Maritime Premiers reducing red tape for business

The Maritime Premiers moved Friday to reduce red tape for businesses in the region -- something they hope will help create jobs and economic growth in the three have-not provinces.

MacLauchlan, Gallant, McNeil look forward to 'seizing opportunities' for Maritimes

Nova Scotia Premier Stephen McNeil, P.E.I. Premier Wade MacLauchlan, and New Brunswick Premier Brian Gallant are joining forces to battle red tape. (CBC)

The Maritime Premiers moved Friday to reduce red tape for businesses in the region -- something they hope will help create jobs and economic growth in the three have-not provinces. 

Meeting in Charlottetown, New Brunswick Premier Brian Gallant and Nova Scotia Premier Stephen McNeil welcomed P.E.I. Premier Wade MacLauchlan to join their joint project called the Office of Regulatory Affairs and Service Effectiveness.

"Our overall approach ... is to reduce red tape and position our regional economy for growth and job creation," said MacLauchlan.

'Economic development matters'

"Today we confirmed an alignment among our three provinces, and again, a good inter-personal chemistry among our three leaders," said MacLauchlan, who was elected May 4th.

Now we'll move forward and focus on trade barriers.— Nova Scotia Premier Stephen McNeil

"We're sending a clear message to the business community, to our citizens, that economic development matters, job creation matters, and the fact that we are moving on beginning to streamline and bring in a level of consistency when it comes to regulations is a positive thing," said Premier McNeil.

McNeil noted there are large corporations such as Irving working in all three of provinces that have to comply with different regulations.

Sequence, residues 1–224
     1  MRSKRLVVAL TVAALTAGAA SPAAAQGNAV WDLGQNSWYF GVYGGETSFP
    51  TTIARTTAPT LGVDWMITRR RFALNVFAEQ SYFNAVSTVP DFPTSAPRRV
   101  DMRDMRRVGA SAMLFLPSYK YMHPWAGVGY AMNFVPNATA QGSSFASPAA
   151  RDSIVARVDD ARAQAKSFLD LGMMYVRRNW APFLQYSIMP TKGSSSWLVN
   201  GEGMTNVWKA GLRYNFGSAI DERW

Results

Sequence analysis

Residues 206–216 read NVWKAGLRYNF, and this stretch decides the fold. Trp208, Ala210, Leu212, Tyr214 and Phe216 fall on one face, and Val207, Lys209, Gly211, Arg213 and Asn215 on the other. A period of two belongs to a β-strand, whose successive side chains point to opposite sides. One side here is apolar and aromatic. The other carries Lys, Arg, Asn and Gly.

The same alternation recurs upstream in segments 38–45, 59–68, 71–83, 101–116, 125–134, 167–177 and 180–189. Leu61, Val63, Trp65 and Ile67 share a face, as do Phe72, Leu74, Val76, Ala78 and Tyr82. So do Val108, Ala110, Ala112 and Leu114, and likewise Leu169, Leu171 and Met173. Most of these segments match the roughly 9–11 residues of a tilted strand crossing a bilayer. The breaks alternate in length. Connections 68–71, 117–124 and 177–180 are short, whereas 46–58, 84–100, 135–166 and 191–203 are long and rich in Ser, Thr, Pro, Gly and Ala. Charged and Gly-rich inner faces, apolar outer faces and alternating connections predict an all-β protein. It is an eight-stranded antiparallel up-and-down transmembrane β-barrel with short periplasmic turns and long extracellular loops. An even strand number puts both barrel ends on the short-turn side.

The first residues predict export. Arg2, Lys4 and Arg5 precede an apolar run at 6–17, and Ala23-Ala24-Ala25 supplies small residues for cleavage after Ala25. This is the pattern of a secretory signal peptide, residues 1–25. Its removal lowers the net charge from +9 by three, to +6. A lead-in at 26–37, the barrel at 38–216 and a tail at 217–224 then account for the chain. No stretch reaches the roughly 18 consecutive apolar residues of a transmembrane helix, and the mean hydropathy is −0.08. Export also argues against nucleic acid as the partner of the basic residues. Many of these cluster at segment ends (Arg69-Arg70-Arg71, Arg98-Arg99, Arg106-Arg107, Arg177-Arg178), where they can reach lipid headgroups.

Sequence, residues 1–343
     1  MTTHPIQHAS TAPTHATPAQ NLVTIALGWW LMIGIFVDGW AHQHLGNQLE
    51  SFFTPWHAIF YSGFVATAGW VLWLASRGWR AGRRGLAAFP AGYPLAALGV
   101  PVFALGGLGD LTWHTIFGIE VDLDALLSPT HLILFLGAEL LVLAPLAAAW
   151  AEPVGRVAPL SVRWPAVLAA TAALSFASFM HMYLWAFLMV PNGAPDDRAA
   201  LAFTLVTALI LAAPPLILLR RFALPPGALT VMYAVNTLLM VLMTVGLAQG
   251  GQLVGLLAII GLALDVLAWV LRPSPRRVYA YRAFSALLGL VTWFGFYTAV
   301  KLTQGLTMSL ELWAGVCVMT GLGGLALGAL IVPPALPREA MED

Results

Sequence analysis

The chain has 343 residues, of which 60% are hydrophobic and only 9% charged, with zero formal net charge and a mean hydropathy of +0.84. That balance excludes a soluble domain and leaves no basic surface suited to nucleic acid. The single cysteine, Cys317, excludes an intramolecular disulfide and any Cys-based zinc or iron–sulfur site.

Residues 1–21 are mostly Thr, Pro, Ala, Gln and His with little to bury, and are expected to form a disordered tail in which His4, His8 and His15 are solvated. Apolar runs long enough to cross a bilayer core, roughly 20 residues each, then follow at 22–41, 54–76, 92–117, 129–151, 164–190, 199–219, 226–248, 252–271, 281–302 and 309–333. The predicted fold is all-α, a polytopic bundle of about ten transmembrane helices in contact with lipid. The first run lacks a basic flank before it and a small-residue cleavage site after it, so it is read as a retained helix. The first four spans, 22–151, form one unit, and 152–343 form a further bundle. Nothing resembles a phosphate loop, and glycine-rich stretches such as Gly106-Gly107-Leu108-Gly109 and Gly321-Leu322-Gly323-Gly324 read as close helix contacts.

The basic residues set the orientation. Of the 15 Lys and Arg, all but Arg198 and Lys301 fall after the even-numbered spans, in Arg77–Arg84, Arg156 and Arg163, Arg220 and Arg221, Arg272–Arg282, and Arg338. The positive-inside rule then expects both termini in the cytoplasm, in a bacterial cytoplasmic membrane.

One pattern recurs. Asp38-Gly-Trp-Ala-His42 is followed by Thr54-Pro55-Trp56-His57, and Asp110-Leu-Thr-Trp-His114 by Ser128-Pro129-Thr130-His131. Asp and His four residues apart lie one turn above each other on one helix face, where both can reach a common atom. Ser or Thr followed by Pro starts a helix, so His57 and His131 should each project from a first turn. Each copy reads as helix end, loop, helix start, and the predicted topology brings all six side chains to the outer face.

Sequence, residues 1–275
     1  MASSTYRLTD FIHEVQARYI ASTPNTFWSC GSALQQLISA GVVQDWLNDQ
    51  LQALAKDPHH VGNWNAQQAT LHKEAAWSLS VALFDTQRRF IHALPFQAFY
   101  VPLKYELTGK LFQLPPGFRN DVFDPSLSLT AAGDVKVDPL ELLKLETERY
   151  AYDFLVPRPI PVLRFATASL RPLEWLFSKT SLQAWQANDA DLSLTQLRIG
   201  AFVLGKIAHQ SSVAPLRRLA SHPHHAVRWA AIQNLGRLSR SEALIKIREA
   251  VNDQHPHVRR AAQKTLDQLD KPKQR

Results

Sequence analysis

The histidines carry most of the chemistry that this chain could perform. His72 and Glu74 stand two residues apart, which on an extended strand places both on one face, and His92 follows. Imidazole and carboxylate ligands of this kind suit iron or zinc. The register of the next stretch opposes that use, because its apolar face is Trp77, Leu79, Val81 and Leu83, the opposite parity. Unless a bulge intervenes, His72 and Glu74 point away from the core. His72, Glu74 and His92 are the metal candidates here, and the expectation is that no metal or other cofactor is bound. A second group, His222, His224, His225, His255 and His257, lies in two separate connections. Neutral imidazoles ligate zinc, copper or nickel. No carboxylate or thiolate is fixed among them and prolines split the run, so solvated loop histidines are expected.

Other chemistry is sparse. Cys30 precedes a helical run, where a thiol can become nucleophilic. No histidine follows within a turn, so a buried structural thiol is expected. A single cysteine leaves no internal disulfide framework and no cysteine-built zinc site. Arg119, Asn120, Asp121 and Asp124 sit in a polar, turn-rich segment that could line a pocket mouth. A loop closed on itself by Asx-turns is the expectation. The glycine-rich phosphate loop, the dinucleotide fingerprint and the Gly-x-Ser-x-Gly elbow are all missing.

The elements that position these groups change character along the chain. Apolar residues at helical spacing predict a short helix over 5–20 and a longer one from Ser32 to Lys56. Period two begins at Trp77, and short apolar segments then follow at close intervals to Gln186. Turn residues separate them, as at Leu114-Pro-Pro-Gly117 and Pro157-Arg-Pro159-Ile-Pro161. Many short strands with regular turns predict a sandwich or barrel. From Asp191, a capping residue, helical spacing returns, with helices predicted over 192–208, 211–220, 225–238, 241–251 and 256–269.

"Our economies are very inter-linked," added Brian Gallant for New Brunswick. "So for us to make sure as a region to make it as easy as possible and seamless as possible for a business to start up, to grow, to invest in the Maritimes, is crucial."

The premiers also adopted something called a premiers' charter outlining their "shared vision" for regulation. 

"Now we'll move forward and focus on trade barriers that exist between our provinces so that goods and services can freely move among our region," said McNeil. 

A more receptive Ottawa

All three said they believe the region will see a change in attitude from Ottawa under Justin Trudeau's Liberals. 

Gallant said he looks forward to working with the new federal regime, "ensuring we are overcoming some of our challenges and seizing some of the opportunities that are before us."

McNeil pointed out the Maritime region could capitalize on some of Trudeau's election promises, including a new infrastructure plan. 

He said they'd also like to see a change to the funding formula under the Health Accord. 


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